21 JUN 2016

Ransomware gets a lot of attention these days, and understandably so.

It’s the digital equivalent of a punch in the face: there’s no doubt what’s happened, and the crooks leave no stone unturned to make sure you know it.

Some ransomware not only creates some sort of HOW-TO-PAY document in every directory where there are scrambled files, but also changes your desktop wallpaper so that the payment instructions are visible all the time.

You can argue, however, that less visible malware attacks are even worse, especially if you only find out about them days or weeks after they started, and they include some sort of data-stealing payload.

Like the range of malware that SophosLabs researcher Gabor Szappanos (Szapi) was reviewing recently while working on a paper about Word-based attacks.

Sophos Home

Szapi was looking at a particular subset of Word-borne hacks: what are known as exploit kits.

Exploit kits are pre-packaged, booby-trapped files that automatically try to take over applications such as Word or Flash as soon as you open up one of the malicious files.

The idea is to bypass any pop-up warnings that would usually appear (such as “you need to enable macros,” or “are you sure you want to install this software”) by crafting the exploit file so it causes a controllable crash in the application that just loaded it.

Szapi noticed that all of the exploit kits he’d covered in his paper (going by names like Microsoft Word Intruder, AK-1, AK-2, DL-1 and DL-2) had been used at some time to distribute data-stealing malware known as KeyBase.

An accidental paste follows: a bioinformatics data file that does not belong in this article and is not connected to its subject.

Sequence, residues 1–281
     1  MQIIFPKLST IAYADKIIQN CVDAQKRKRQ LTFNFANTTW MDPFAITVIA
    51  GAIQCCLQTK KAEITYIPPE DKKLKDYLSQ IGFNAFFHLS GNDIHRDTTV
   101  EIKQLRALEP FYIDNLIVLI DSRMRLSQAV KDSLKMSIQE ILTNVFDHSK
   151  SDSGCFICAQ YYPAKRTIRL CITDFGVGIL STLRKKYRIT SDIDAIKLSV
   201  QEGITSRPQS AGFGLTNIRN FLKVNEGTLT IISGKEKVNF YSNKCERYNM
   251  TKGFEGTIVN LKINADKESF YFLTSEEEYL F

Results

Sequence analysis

His first thought was along the lines that “KeyBase ought to be dead by now, because it’s been around for a while, it’s well-known, and the author himself took it offline long ago.”

key logger

Sadly, however, the KeyBase Trojan is alive and well, even though it’s no longer openly available.

KeyBase is primarily a keylogger, meaning that it keeps track of what you type, collects up the data, and regularly uploads it to the crooks using innocent-looking HTTP requests.

When would-be cybercrooks set it up, there’s a point-and-click configuration system, so they don’t need any technical knowledge to decide what parts of your digital lifestyle to spy on:



Monitoring the clipboard gives away plenty of information about your business, because you generally use the clipboard for items of immediate importance, such as copying-and-pasting text out of emails into documents, or vice versa.

That makes the clipboard a handy signal of interesting data about your business, such as this example data from KeyBase’s cloud-based servers:


KeyBase and other malware families like it are examples of Crimeware-as-a-Service (CaaS).

That’s where a group of technically-savvy criminals provides the servers and the control panels, renting out access to allow any number of non-technical crooks to jump right into the cybercrime scene.

Once a team of crooks has inside information on your business, such as your email passwords and a list of the people you do business with, they are well-placed to start bleeding you for money.

With ransomware, you generally know beyond doubt what has happened; you have a short list of choices of what to do next; and you have a firm price in Bitcoin staring you in the face.

But with system-sniffing malware like KeyBase to teach them how to login to your accounts, crooks can correspond with your creditors and debtors using your email address; change account numbers to divert payments; alter invoices; place bogus orders…

…and then, because they control your logins, they can cover their tracks (for example by deleting sent emails that you’ll know you didn’t write) to keep their swindle going as long as possible.

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